Our AI Team has extensive experience in privacy litigation and IP protection issues which has allowed Rose Law Group to be on forefront of the emerging practice of legal issues relating to AI technology. Companies need to be aware of the legal issues relating to developing new AI technology for their clients’ use. These new technologies can implicate ethical and legal issues regarding transparent decision-making, minimizing bias, privacy, and accountability. Given that one of the main functionalities of AI is to make decisions of consequence in real-time based on techniques that are constantly adapting and changing, it is crucial to ensure the methods used take into account certain fundamental rights, applicable regulations, and core principles and values that the law often looks to when resolving disputes.
Privacy is currently an issue at the forefront of the legal community, and the growth of AI will make these considerations even more important. Who owns the data shared between AI developers and users? Can the data be sold? Should this shared data be de-identified to protect privacy concerns? Is the intended use of data appropriately disclosed and compliant with constantly evolving legislation? Consider the use of ChatGPT to take client information as an input to further train the AI to provide more accurate responses—those inputs are now public record and could cause legal issues without proper disclosures. Our AI Team can advise you in the creation of a ChatGPT AI approach that best guards against a privacy violation. In addition, when a company creates a new product or document using AI, who owns the IP? Rose Law Group can assist you with issues where authenticity is a priority, particularly where images are often derived from computer models entirely.
Contractual issues abound in the AI space as well. Whether you’re looking for contractual protections when contracting for AI services that use machine learning techniques that can change in unpredictable ways or utilizing advanced Contract AI, which uses text-based machine learning applied to contracts to assist in the management, extraction, or review of legal agreements and their data, our AI Team can help you navigate the complex, rapidly developing legal landscape.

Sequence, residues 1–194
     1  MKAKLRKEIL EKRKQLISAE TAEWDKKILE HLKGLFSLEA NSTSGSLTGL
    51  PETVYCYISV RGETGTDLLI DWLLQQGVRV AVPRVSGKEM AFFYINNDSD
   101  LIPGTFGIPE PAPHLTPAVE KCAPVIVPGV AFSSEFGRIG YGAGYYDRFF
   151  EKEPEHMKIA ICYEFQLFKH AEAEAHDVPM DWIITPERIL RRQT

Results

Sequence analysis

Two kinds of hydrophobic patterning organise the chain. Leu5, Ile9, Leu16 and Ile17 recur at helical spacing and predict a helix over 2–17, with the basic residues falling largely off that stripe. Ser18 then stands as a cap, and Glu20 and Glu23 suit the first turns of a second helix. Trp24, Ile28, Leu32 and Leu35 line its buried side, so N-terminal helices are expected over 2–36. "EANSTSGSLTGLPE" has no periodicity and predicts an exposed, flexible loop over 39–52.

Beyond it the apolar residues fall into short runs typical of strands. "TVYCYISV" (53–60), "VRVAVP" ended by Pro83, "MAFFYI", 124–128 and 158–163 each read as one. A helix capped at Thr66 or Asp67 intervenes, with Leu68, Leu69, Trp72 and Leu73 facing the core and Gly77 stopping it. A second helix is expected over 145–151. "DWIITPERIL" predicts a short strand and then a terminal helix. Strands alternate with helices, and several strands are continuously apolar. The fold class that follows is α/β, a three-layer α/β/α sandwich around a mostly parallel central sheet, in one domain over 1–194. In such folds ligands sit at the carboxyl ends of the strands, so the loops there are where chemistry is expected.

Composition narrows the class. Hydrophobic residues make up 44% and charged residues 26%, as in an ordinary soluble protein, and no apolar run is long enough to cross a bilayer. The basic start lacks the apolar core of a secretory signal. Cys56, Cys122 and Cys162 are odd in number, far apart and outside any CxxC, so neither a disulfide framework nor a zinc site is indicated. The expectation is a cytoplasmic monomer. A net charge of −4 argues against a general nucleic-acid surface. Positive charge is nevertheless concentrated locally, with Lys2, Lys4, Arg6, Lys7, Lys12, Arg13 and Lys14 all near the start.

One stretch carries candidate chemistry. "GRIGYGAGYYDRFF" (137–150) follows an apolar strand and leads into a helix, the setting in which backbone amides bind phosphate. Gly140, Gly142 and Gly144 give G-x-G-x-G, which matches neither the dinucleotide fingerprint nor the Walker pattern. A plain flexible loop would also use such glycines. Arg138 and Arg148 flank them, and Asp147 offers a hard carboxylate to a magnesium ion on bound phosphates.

Of course, our AI Team is always looking ahead to anticipate potential litigation as well. The automated and artificial nature of AI raises new considerations around the determination of liability. Who is responsible—the technology itself? The developer? The platform? Some other third party? How will courts apply standards of care to the principles of negligent design? As the AI evolves and makes its own decisions, should it be considered an agent of the developer, and if so, is the developer vicariously liable for the decisions made by the AI that result in the negligence? Our team is well-suited to protect against liability in this space.
AI also raises distinct questions regarding bias and discrimination. Does the AI take a protected class’s status into consideration? Could machine learning lead to predictions that rely on correlations or assumptions based on one of these categories? Consider the 2016 ProPublica investigation that alleged that a number of US cities and states used an algorithm to assist with making bail decisions that was allegedly twice as likely to falsely label black prisoners as being at high-risk of re-offending than white prisoners. Our team can help you mitigate the effects of these built-in biases.
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By Paul Coble, Chair of Rose Law Group Technology, AI and IP departments firstname.lastname@example.org Artificial Intelligence tools are quickly becoming a part of businesses in every industry. AI tools can dramatically increase efficiency and elicit new business insights from existing company data streams. But using the wrong AI tool for the wrong business purposes can introduce unnecessary risk and potentially dedicate
By InBusiness Phoenix Rose Law Group, a full-service law firm and Arizona’s largest woman-founded law firm announced the expansion of its practice with the addition of the new Intellectual Property Department and its chair, Paul Coble, an accomplished technology attorney. This strategic move demonstrates Rose Law Group’s commitment to bolstering its extensive focus and capabilities with AI and Web3 technologies. The announcement of the enhanced Intellectual Property Department includes a wide range of services advising clients on patent and trademark applications, conducting trademark
Walmart and Unity to bring immersive commerce to games and apps; the ‘future of shopping’ has arrived, says Eduardo Dávalos, Rose Law Group director of metaverse planning and design
By Rose Law Group Reporter Walmart and Unity, the world’s leading platform for creating and growing real-time 3D (RT3D) content, today announced plans to give Unity developers the ability to integrate Walmart’s commerce APIs directly into their games and apps. This enables creators to sell physical items in RT3D experiences across 20+ platforms, unlocking new ways to connect customers’ virtual and